Transcreation of US English articles for English of Middle East - advice needed
Thread poster: Rubric Ltd
Rubric Ltd
United Kingdom
Local time: 00:27
Mar 18, 2013

Hi all,

A potential client has asked us to localize/transcreate articles (parenting content) written in US English into English for the Middle East.

My first query is will these be very different versions?

Also, would English for the Middle East be sufficient or it is region-specific as well? Thus is this country-specific or region-specific?

Lastly, I would like to have an idea of the costs, is this something that translators would charge more?

Please feel free to also contact me on aspasia.merkouri@rubric.com and let me know if you are interested in this task. There will also be English into Arabic translations but the transcreation task sounds a bit more complicated to me.

Any responses are greatly appreciated!

Aspa


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Alexander C. Thomson  Identity Verified
Netherlands
Local time: 01:27
Dutch to English
+ ...
Essentially British English Mar 19, 2013

Hi Aspa,

I'm a bit surprised that your client has specified "English for the Middle East" because that is not a widely-recognized category in the industry (or among linguists of English). It could potentially mean either (a) English as spoken by the native English speakers from other parts of the world who reside and work in Middle Eastern countries, or (b) English as spoken and understood by Arabs native to the Middle East.

In either case (and (b) is more likely what the client meant), you essentially need to convert the texts from U.S. to British English. English education and media in almost all Middle Eastern countries is British English (with the exception of a few strongly U.S.-focused businesses and bilateral military relationships). This is most pronounced in the arc of countries that used to be British mandates, stretching from Bahrain through Iraq to Jordan (which has arguably the most impeccably British English of the whole region), Egypt and Sudan. But even Syria and Lebanon, former French mandates, have excellent English among the population, which likewise is heavily British in type (with the exception of some Lebanese who have links with Australia). The Arabian Peninsula countries, likewise, are heavily British English in their English usage: Saudi Arabia, Yemen (South Yemen was formerly Aden) and Oman still have close connections with British institutions, and Qatar and of course the UAE have many British teachers and professionals in them.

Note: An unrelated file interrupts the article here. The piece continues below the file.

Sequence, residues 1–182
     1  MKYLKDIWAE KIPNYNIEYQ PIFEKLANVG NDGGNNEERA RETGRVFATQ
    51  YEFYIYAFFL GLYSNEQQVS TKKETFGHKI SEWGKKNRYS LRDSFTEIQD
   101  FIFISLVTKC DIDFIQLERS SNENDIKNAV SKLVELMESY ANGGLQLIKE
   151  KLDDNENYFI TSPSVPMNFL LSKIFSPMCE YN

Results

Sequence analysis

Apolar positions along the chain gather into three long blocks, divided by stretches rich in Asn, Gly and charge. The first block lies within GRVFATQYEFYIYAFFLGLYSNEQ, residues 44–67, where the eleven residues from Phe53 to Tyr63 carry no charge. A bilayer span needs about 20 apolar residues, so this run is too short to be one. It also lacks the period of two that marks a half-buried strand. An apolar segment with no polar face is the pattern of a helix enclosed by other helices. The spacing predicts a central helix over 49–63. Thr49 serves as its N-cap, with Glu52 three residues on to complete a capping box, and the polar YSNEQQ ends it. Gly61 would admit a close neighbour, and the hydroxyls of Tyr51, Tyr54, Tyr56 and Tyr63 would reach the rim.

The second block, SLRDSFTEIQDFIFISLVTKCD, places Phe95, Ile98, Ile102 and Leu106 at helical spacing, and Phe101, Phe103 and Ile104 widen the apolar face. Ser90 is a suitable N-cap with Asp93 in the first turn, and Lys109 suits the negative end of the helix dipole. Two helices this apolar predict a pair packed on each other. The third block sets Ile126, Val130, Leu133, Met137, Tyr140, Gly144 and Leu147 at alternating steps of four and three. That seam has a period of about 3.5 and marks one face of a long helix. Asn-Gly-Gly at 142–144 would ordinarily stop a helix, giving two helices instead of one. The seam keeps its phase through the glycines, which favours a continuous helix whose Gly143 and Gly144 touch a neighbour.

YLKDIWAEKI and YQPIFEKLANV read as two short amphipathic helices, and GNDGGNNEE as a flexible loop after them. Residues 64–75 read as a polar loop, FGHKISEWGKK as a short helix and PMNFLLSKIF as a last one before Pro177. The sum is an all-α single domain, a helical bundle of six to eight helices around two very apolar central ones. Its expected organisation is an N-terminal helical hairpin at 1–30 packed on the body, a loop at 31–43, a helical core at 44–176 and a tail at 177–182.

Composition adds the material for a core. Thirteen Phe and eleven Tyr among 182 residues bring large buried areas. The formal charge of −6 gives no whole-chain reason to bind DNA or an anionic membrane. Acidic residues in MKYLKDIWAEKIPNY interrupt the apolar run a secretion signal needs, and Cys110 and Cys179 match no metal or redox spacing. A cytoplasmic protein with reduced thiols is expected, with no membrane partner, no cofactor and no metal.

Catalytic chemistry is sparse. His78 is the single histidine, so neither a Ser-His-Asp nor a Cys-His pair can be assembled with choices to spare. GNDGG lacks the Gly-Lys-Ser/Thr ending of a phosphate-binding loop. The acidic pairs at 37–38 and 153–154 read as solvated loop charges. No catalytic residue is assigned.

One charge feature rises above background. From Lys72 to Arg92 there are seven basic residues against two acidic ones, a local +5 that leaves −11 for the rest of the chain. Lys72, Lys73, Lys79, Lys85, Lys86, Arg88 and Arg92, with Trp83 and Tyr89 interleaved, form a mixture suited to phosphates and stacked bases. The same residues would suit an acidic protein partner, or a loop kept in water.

There is no standard "Middle Eastern English" variant, nor is there any noticeable difference in English usage between the Middle Eastern countries.

If by any chance your client had meaning (a) above in mind, then you would need to rewrite the texts in a style that was understandable to English speakers from the Indian subcontinent, where the bulk of English-speaking workers in the Middle East come from.

[Edited at 2013-03-19 09:46 GMT]


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